Bajirao Mastani (Music review), Hindi – Sanjay Leela Bhansali

Shreya Ghoshal holds fort with her sweet rendition in Deewani mastani, with Sanjay layering it between Marathi folk prelude and a quasi-sufi ending. Shreya is again fantastic in Mohe rang do laal—possibly using raag Purvi (or Puriya Dhanashri) and evoking Pt. Ravi Shankar’s Karuna suno shyam mori from Meera—brilliantly supported by Pt. Birju Maharaj. Pinga, Shreya’s next, with Vaishali Mhade, is Sanjay’s irreverent melange of Marathi folk, and a foot-tapping dance value optimization for the film’s leading ladies. Vaishali also aces Fitoori, with Sanjay handing her a haunting tune, mixing it with captivating Marathi folk. Javed Bashir seems perfect for the Sufi’ish Aaj ibaadat that Sanjay beautifully segues from its Muslim sound to Hindu chants, amidst a profusion of sitar. That sitar, and a brilliant chorus, is so apt for a more spritely interpretation Albela sajan. Aayat is curiously interesting – the beautiful verses are very Ghazal’ish and so is Arijit’s singing, but the soaked-in-love tune is rather semi-classical, layered with a dollop of qawali. Payal Dev’s singing lifts the pensive, tuneful Ab tohe jane na doongi. Vishal Dadlani-sung Malhari and Sukhwinder Singh-sung Gajanana are clearly from the Ram-Leela stock. In his third film as solo composer, Sanjay finally gets it wonderfully right.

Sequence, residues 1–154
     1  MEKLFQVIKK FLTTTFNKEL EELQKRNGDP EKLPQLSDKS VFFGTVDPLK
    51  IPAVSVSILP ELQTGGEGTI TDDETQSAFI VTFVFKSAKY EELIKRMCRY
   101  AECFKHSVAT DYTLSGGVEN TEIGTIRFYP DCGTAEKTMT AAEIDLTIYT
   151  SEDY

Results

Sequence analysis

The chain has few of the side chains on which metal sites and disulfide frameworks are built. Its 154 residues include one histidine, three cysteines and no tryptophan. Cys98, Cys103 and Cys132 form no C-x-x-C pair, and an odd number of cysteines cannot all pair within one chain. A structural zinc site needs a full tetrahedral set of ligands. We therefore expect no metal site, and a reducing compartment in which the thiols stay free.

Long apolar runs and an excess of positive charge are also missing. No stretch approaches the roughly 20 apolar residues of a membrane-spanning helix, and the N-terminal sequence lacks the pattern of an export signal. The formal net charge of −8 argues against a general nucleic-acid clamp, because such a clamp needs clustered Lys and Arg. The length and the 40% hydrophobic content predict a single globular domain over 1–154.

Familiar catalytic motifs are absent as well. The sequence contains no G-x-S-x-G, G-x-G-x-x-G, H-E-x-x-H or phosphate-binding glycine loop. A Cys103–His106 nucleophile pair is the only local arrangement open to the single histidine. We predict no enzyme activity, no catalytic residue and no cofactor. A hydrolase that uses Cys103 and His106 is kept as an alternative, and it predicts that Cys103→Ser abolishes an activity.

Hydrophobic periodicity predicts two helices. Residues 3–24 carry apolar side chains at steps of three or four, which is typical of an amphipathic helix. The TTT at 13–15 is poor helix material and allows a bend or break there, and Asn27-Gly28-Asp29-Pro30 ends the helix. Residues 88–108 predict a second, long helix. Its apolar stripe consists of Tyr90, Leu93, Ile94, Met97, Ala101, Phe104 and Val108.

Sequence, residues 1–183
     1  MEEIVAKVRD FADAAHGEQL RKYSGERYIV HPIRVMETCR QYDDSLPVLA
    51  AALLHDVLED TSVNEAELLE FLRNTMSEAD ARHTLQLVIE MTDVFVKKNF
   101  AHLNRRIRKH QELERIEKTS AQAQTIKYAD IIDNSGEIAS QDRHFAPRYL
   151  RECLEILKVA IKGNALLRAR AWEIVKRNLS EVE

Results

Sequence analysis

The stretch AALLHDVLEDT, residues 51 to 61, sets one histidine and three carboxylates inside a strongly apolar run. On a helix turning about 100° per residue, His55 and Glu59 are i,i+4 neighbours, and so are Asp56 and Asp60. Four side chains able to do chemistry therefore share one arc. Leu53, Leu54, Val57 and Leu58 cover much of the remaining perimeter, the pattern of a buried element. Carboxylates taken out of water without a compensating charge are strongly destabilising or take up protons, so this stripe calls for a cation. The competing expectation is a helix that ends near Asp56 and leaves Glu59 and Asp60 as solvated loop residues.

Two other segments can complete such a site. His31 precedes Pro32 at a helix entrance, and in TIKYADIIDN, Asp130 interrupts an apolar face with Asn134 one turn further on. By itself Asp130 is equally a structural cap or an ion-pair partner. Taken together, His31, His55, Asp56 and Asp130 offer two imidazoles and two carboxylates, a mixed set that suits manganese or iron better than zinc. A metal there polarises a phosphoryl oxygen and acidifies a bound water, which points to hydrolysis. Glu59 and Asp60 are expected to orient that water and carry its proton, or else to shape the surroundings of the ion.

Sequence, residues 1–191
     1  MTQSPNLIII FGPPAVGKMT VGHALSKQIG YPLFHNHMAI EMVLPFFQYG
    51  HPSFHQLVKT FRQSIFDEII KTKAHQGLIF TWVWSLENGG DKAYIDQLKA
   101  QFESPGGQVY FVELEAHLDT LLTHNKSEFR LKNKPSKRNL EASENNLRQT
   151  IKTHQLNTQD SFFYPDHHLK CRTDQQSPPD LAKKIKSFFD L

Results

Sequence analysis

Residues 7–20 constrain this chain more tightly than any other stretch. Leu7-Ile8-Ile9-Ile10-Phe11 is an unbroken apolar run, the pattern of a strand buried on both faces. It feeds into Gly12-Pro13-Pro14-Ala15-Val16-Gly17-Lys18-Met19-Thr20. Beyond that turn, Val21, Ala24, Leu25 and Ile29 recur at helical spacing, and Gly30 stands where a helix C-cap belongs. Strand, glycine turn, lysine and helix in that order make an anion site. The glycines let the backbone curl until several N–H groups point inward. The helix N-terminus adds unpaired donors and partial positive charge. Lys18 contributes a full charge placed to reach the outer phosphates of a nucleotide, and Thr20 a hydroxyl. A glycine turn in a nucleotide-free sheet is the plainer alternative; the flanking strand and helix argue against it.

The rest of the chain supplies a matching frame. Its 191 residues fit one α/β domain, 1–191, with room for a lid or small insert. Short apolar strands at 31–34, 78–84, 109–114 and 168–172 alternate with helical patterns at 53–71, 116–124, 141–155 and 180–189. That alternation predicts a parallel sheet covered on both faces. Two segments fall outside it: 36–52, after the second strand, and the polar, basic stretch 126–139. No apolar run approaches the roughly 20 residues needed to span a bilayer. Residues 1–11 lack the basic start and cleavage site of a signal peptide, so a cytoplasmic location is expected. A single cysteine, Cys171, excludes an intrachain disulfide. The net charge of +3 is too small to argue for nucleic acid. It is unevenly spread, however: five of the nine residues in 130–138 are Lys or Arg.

Keywords: Bajirao Mastani, Sanjay Leela Bhansali, 200, #200

Listen to the songs: